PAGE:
Automotive

Waymo and Fiat Chrysler begin work on autonomous Ram ProMaster vans

Waymo and Fiat Chrysler begin ...
FCA and Waymo will begin work on autonomous Ram ProMaster vans
FCA and Waymo will begin work on autonomous Ram ProMaster vans
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FCA and Waymo will begin work on autonomous Ram ProMaster vans
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FCA and Waymo will begin work on autonomous Ram ProMaster vans
Waymo has used Fiat Chrysler's Pacifica minivan to develop its self-driving tech since 2016
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Waymo has used Fiat Chrysler's Pacifica minivan to develop its self-driving tech since 2016

Through its years-long partnership with Waymo, Fiat Chrysler (FCA) has taken an active role in the development of self-driving technology, and is now expanding the scope of its efforts to include vehicles of a slightly larger footprint. The two companies have today announced they will build on this partnership, with Waymo to now work exclusively the Italian-American automaker on the development of self-driving light commercial vans, with the Ram ProMaster to serve as the initial testbed.

Back in 2016, Chrysler provided Waymo with 100 Pacifica Hybrid minivans specifically for the purposes of testing and developing its self-driving systems. With millions of miles worth of testing now under its belt, the Alphabet subsidiary has gradually improved the capabilities of its autonomous systems, with the most recent version able to spot debris and pedestrians hundreds of meters away.

This fifth-generation system is called Waymo Driver, and Waymo and FCA will now seek to integrate this technology into the Ram ProMaster van. It is hoped this exercise will help them flesh out and overcome the complexities of adapting autonomous vehicle tech to light commercial vehicles, with a view to applying it to the world of goods delivery services.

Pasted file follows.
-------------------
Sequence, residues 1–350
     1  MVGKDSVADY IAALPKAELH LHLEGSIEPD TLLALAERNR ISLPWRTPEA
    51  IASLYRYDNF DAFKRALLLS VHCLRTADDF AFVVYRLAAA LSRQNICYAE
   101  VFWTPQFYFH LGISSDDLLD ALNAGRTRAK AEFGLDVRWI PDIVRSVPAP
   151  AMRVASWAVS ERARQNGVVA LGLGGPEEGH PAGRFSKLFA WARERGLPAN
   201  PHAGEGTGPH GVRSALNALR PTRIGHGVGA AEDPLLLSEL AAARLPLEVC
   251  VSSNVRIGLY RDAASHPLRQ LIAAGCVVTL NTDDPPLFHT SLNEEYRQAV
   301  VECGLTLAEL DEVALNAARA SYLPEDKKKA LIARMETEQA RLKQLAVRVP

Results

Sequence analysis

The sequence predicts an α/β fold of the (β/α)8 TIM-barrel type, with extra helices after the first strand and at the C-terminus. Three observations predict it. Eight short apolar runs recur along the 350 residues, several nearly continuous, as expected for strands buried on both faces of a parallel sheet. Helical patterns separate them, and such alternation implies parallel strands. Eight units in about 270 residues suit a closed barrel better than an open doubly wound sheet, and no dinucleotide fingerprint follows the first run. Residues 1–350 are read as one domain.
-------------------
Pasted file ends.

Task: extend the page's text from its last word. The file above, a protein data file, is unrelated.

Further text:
“Today, we're expanding our partnership with FCA with the Waymo Driver as the exclusive Level 4 autonomy solution for this global automotive company,” says Waymo CEO John Krafcik. “Together, we'll introduce the Waymo Driver throughout the FCA brand portfolio, opening up new frontiers for ride-hailing, commercial delivery and personal-use vehicles around the world."

Level 4 autonomy describes a self-driving system that can control the vehicle full-time, under the right circumstances, with humans only needing to intervene if it encounters something it can’t handle. Today’s expansion of the agreement also sees Waymo become FCA’s exclusive partner for Level 4 autonomous technology, with a commitment to deploy these systems across its entire vehicle fleet.

“With this next step, deepening our relationship with the very best technology partner in this space, we're turning to the needs of our commercial customers by jointly enabling self-driving for light commercial vehicles, starting with the Ram ProMaster," says FCA CEO Mike Manley. "Adding Waymo's commitment to partner with us to deploy its Level 4 fully autonomous technology across our entire product portfolio, our partnership is setting the pace for the safe and sustainable mobility solutions that will help define the automotive world in the years and decades to come."

Source: Waymo, FCA

2 comments
2018_Promaster_Jockey
Common well know Promaster issue....

Driving down a steep grade causes the red brake warning light to falsely indicate brake issues..... nothing wrong with the brakes....it's just that FCA didn't bother testing the van in the mountains.

And now they want to use it as a platform for a self driving vehicle?

How about work on the basics first. Like a brake warning light that means something and maybe a passenger's arm rest.
DOC HOLLYWOOD
The PROMASTER Van should be converted to full electric ASAP. The current V-6 engine is not durable enough for regular freeway driving.A PATHETIC runt of an engine that always seems to be working too hard...even when not carrying heavy loads. Take it from someone who is headed for a likely 3rd engine rebuild after only 150k miles.(I have been very good about maintenance btw) The first two rebuilds were under warranty.(this forthcoming one not) Oh yeah...and the wiring system has a bad habit of blowing out the headlamps...that then have to be expensively repaired.